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*Corresponding Author:
Dr. Onyemaechi NOC
Department of Surgery, University of Nigeria Teaching Hospital,
Ituku-Ozalla, Enugu, Nigeria.

This is an open access article distributed under the terms of the Creative Commons Attribution-NonCommercial-ShareAlike 3.0 License, which allows others to remix, tweak, and build upon the work non-commercially, as long as the author is credited and the new creations are licensed under the identical terms.

Citation: Onyemaechi N, Ofoma UR. The public health threat of road traffic accidents in Nigeria: A call to action. Ann Med Health Sci Res 2016;6:199-204.


Public health experts worldwide concede that there is a global epidemic of road traffic accidents (RTA). Globally, RTA is the leading cause of injury‑related deaths. In Nigeria, injuries and deaths resulting from RTA are on the rise and are Nigeria’s third‑leading cause of overall deaths, the leading cause of trauma‑related deaths and the most common cause of disability. Do RTA constitute a public health problem in Nigeria? If so, is there a pragmatic approach to combat this problem? A systematic literature search using the advanced features of various databases such as PubMed, Scopus, Embase, Google, and directory of open access journals was carried out using the key words “ RTA, public health problem, government response, Nigeria.” Out of initial 850 articles retrieved from the search 15 articles that suited the study were included in this review. There is need to view RTA s as an issue of urgent national importance that needs urgent attention aimed at reducing the health, social, and economic impact. Policy makers at the various levels of government need to recognize this growing problem as a public health crisis and design appropriate policy responses that will back up with meticulous implementation.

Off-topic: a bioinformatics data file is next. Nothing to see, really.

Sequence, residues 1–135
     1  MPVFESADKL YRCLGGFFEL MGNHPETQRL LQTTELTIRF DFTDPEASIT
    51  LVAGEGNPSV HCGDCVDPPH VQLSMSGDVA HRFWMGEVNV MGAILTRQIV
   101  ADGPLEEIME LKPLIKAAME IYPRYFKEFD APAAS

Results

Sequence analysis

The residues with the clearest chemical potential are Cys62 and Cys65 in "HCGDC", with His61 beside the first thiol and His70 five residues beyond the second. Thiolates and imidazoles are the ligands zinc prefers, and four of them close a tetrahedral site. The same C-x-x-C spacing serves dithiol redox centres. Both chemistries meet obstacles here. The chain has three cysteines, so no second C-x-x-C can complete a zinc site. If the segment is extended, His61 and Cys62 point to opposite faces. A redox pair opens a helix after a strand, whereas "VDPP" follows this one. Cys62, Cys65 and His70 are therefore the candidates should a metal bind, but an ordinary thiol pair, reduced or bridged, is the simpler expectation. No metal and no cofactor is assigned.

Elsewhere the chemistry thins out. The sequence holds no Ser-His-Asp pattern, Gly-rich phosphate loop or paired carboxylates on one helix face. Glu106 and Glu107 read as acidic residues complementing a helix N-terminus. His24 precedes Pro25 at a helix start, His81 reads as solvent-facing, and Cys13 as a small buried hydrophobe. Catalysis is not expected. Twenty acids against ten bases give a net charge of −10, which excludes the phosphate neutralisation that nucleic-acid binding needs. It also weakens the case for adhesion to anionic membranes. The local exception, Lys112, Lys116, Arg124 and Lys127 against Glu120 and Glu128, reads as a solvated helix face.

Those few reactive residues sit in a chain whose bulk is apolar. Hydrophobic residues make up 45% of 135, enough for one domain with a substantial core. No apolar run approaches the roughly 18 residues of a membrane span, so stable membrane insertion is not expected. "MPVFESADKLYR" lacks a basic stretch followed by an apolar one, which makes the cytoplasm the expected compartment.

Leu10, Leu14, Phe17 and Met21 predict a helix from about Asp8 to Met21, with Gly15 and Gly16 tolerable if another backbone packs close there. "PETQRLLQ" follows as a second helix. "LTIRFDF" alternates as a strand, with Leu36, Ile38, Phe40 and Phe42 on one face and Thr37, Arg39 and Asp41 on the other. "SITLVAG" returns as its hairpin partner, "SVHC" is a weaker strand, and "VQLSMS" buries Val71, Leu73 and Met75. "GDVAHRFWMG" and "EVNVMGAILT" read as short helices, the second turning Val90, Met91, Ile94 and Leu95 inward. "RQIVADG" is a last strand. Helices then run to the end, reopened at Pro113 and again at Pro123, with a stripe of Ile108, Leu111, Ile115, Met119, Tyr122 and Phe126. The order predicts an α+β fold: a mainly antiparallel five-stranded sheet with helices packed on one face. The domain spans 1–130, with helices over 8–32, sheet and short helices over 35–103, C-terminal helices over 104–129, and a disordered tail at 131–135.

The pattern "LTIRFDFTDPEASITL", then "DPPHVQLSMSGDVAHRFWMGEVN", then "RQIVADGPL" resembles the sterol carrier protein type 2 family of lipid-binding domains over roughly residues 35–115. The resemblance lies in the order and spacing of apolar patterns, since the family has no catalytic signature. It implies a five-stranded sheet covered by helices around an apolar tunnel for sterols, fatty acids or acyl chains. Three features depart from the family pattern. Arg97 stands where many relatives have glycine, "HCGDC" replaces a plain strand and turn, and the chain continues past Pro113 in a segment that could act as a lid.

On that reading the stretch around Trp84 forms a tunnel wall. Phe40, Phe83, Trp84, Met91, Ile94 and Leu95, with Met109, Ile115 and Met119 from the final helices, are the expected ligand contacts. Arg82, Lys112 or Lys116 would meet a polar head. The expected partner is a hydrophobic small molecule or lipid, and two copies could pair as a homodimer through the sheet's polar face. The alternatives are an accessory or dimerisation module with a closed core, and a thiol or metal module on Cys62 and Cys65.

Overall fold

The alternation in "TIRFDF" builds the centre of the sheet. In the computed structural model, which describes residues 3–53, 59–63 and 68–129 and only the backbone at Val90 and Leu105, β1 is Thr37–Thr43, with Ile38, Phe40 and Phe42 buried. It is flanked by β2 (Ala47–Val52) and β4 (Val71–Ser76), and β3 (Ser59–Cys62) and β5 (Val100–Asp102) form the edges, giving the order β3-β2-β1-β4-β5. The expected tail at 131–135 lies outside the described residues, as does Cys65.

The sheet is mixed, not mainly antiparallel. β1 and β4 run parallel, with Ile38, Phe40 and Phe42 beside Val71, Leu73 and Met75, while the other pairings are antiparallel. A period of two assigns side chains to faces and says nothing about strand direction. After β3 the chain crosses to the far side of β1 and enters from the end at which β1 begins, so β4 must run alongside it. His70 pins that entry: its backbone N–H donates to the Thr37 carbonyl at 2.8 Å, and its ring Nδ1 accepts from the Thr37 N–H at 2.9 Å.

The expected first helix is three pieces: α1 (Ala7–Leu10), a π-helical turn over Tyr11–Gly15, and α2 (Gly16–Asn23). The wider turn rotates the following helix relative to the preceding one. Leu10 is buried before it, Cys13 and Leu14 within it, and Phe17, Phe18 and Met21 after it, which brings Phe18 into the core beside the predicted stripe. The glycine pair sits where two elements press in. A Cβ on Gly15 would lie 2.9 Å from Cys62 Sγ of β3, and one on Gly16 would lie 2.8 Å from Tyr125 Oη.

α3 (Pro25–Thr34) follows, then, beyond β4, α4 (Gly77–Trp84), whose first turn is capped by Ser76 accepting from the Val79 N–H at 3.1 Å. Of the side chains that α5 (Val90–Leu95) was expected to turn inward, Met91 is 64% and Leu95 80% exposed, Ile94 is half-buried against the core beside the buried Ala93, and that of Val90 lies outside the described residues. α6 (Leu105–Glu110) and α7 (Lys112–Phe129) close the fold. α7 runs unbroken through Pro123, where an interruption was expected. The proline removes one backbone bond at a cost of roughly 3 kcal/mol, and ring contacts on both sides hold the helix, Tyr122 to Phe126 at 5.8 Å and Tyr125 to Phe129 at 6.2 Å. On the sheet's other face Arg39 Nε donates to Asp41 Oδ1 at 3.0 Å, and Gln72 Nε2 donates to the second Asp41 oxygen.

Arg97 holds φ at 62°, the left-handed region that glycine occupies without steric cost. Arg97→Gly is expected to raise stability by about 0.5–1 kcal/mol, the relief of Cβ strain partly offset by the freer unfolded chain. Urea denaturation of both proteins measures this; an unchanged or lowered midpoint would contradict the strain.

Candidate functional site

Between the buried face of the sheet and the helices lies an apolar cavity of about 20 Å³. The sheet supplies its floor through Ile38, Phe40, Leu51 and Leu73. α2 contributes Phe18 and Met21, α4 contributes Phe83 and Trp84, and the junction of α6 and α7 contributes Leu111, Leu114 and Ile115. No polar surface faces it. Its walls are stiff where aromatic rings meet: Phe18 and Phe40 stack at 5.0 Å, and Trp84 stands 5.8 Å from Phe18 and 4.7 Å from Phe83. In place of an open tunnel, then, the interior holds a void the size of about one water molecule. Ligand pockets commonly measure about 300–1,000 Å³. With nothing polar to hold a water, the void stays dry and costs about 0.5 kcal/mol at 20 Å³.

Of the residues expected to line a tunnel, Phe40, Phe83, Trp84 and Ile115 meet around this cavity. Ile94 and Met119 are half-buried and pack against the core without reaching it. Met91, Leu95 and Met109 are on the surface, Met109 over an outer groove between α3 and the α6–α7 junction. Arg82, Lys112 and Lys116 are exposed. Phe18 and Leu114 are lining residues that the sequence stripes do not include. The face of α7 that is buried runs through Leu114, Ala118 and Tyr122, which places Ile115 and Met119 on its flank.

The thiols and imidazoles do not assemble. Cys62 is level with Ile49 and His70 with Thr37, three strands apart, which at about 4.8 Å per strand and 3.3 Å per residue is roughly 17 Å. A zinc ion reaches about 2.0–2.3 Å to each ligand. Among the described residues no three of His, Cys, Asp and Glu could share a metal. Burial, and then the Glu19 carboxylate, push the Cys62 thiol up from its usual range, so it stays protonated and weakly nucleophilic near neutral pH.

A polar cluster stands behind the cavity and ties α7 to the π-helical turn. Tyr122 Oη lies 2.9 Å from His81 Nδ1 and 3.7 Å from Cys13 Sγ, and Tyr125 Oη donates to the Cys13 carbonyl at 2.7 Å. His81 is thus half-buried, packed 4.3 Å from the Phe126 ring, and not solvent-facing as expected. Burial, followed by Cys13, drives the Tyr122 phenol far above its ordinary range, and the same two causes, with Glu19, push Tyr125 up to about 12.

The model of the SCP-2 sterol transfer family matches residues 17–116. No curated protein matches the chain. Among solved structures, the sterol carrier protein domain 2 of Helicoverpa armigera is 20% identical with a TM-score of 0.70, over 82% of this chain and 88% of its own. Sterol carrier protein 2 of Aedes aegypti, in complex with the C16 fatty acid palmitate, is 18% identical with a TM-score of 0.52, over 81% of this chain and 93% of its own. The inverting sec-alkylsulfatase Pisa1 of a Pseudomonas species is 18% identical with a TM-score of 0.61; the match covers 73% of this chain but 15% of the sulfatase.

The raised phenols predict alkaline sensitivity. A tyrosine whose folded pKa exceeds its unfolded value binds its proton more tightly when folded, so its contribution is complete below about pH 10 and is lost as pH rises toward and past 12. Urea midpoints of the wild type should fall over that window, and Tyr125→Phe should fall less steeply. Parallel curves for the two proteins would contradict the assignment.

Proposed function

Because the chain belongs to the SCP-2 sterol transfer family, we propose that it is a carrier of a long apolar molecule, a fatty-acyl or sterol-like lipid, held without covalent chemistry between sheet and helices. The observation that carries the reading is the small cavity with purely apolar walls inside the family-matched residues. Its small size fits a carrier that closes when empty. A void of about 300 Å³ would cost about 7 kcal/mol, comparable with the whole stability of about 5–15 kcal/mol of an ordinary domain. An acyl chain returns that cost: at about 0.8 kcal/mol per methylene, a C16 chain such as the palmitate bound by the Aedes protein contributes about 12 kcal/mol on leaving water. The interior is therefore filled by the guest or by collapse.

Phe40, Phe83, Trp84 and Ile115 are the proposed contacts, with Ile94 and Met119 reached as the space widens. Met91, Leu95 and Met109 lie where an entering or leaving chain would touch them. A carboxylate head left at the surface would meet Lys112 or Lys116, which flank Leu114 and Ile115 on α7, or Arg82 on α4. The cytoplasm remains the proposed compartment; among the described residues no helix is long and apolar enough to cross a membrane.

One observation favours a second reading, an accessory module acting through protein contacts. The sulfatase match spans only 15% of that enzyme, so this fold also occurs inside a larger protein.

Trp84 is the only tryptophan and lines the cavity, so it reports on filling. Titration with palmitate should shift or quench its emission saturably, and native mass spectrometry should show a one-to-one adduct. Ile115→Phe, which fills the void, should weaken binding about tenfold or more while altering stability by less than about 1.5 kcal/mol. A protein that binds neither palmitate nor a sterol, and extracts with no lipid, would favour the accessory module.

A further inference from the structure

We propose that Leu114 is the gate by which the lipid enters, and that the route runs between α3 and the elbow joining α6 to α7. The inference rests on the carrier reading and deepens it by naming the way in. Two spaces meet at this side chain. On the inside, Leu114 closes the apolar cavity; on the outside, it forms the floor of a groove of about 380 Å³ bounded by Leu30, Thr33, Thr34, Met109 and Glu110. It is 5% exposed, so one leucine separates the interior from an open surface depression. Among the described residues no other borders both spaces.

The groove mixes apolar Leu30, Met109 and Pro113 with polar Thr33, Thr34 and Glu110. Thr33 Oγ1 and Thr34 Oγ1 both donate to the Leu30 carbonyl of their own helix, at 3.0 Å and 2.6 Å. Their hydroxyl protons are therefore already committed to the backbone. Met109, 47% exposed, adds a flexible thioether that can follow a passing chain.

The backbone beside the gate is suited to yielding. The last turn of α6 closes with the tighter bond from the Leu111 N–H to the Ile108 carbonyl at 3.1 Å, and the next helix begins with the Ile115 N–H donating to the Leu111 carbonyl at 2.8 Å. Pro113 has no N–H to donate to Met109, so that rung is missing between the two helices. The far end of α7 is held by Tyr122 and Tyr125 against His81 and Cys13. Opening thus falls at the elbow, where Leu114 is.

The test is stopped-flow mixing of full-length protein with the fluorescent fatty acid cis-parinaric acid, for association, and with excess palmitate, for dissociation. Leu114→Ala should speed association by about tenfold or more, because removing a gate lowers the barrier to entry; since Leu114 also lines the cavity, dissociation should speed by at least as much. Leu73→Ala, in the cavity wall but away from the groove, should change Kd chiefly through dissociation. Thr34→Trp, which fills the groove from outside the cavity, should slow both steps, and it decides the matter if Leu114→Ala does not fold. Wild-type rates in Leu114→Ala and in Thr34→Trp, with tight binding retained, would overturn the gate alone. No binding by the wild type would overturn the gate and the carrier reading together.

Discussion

Nigeria, Public health problem, Road traffic accidents


According to data recently released by the World Health Organization (WHO),[1] an estimated 55 million people died worldwide in the year 2011. Of these, 1.3 million were due to road injuries, equating to roughly 3500 each day from road traffic injuries. By these statistics road traffic accidents (RTA) ranked among the top 10 leading causes in 2011, a reality that was not existent a decade ago almost at par with chronic diseases such as HIV/AIDS and diabetes mellitus. By 2030, car accidents will be the fifth leading cause of death in the world, if this trend were to continue.[2] Globally, RTA is the leading cause of injury-related deaths.[3]